Incoming Students Learn the Basics of U.Va. Life at Summer Orientation

The 50 student summer orientation leaders at the University of Virginia showed tons of Wahoo spirit as they gathered groups of incoming first-year students for activities on the Lawn Thursday morning. They easily switched to serious academic-advising mode in the afternoon as they fielded a range of questions from slightly anxious incoming first-years learning how to register for classes.

“If I placed out of Chemistry 1140, can I take ‘Organic Chemistry’?” one young woman asked.

“Well, it’s not recommended,” replied orientation leader Kristian Robinson, a rising fourth-year double majoring in environmental sciences and biology.

“Can I major in two different schools, say the Commerce School and College of Arts & Sciences?” asked another student.

Leslie Smith, a rising third-year orientation leader majoring in English, answered in the affirmative, adding that students don’t apply to the McIntire School of Commerce until the end of their second year.

After opening the two-day session with a meeting in Old Cabell Hall auditorium – which concluded with singing the “Good Ol’ Song” together for the first of many, many times during their college careers – the orientation leaders headed outdoors and fanned out around the statue of Homer on the lower Lawn, holding aloft colorful signs bearing their names so the new students could find them. The leaders then led their assigned groups of students in a few rounds of ice-breaker games before and after lunch in Newcomb Hall.

About 700 first-year students in the College of Arts & Sciences, the School of Engineering and Applied Science and the Curry School of Education attended the summer orientation session, the fourth of seven held in July. One more will be offered Aug. 20-22 – just before the fall semester’s move-in day – for international and some transfer students.

Students participated in several more activities to get to know their classmates and the orientation leaders better that evening. The second day, they registered for U.Va. emergency text messaging and picked up student ID cards. There were optional tours of the Grounds, visits to libraries, browsing a resource fair and more.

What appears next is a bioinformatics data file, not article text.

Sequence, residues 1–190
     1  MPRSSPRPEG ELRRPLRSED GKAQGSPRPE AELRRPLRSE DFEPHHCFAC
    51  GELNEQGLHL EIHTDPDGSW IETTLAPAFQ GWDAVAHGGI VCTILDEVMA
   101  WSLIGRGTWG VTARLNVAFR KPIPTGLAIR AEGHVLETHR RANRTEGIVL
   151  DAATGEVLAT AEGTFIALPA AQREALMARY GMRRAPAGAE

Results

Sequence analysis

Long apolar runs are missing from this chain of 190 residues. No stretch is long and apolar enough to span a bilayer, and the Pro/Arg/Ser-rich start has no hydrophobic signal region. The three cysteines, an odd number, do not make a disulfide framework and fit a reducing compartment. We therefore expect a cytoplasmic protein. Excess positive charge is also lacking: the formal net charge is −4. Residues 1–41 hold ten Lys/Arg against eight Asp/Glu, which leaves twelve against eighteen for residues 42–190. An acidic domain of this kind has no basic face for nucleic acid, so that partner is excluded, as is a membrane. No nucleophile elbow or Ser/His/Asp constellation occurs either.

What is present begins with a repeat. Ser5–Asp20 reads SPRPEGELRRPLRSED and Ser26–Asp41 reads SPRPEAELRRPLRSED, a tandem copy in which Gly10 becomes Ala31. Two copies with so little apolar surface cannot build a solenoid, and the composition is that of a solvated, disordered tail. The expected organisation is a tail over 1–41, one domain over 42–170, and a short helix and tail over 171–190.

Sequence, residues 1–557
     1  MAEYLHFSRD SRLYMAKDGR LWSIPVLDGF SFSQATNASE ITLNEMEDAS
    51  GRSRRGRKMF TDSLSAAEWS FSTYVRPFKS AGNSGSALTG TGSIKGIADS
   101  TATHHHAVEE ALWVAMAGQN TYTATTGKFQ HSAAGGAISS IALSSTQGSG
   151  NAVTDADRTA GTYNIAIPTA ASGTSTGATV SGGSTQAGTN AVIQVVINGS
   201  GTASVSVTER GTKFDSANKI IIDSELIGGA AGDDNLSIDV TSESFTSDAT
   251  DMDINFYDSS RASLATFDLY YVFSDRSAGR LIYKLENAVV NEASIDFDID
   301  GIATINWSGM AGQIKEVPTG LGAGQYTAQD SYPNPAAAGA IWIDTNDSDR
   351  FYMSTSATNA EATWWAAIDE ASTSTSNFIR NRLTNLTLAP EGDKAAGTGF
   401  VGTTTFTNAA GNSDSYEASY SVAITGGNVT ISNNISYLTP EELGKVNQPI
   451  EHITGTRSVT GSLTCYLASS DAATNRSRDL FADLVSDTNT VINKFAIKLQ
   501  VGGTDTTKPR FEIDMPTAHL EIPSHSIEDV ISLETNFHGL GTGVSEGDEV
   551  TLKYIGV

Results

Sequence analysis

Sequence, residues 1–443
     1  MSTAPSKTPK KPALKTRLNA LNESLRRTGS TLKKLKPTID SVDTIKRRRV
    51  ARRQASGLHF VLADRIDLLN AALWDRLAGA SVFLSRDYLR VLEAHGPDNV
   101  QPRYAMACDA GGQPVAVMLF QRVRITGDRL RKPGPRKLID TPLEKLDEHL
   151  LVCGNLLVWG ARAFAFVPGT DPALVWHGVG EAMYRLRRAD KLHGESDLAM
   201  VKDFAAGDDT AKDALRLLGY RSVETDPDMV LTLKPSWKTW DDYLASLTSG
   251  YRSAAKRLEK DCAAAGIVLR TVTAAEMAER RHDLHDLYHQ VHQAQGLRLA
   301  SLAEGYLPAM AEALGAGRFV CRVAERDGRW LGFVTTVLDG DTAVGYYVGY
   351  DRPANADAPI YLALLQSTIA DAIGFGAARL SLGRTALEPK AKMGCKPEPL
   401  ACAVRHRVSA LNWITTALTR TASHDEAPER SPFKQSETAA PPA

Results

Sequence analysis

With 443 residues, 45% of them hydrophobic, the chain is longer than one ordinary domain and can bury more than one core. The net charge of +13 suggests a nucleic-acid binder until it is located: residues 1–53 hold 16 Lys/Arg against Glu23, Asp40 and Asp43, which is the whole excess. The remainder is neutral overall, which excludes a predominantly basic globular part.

Meanwhile, parents and guests attended a parallel program that provides information and discussion about various University resources.

Back on the Lawn, orientation leader Elizabeth Surratt, heading into her second year, stood in the middle of a circle of new students, said her name and something about herself. If any other students shared the same thing, they had to switch places in the circle, but one would be left out, as in musical chairs. That person went into the middle next to start another round.

Surratt said when she attended her summer orientation last year, the leaders looked like they were having so much fun, she wanted to join the crew. She hasn’t been disappointed this summer.

“The orientation leaders continue to serve the University well in the way they help to ease in the transition of the incoming class,” said Tabitha A. Enoch, director of orientation and new student programs. “They demonstrate a terrific blend of likability and capability which makes them so relatable to the first-year students who are soon to be their peers. The days are long, the mornings are early, but the work is certainly rewarding.”

Many students already had some familiarity with U.Va. before applying and being accepted. Peter, from Midlothian, said his sister graduated last year. An Echols Scholar, he said the Commerce School was a big draw for him.

“I always wanted to come here,” he said. “When I visited, I liked the atmosphere – it’s really friendly and also academic. At some schools, it’s either-or.”

Some were drawn to the Curry School’s new kinesiology major. A student named Kassandra said she’d had sports injuries in high school and became interested in how she could help others who go through that.

Priyanka, from Atlanta, was drawn to the pre-med program and Health Sciences Center here, she said. Besides her introductory chemistry and biology courses, she said she’s particularly looking forward to an “Ethics of Medicine” course.

Thursday afternoon was devoted to workshops on course selection in advance of individual registration on Friday. Academic deans Sandra Seidel, who teaches biology, and Kirt von Daacke, who teaches history, explained the enrollment process and encouraged the students to seek help from different people – to “collect as many advisers as you can,” von Daacke said.

In addition to their assigned association deans and faculty advisers, students can also turn to departmental directors of undergraduate studies when they’re considering their choice of a major, and can find others for assistance, as well, such as resident advisers, professors teaching their classes and administrators in offices such as the Dean of StudentsUniversity Career Services or the International Studies Office.

Von Daacke urged the students to remember course enrollment is really a two-month process and asked the students to choose as many as 25 courses, four of which they would register for to get a head start on enrolling for the normal load of 15 credits. They tried out different combinations to come up with a course schedule where the days and times of the classes would fit. Like all students, the first-years will have from Aug. 1 until Sept. 9 and 10 to add and drop classes as they settle into the semester.

“Relax. Be flexible. Have fun,” Seidel said.

“The orientation leaders were really helpful,” said Kyle from Williamsburg, who plans to pursue a B.A. in computer science. Working on his schedule, he juggled courses to avoid time conflicts. “It helped having picked the extra courses. I’ve got a good schedule so far.”




Media Contact

Anne E. Bromley

University News Associate Office of University Communications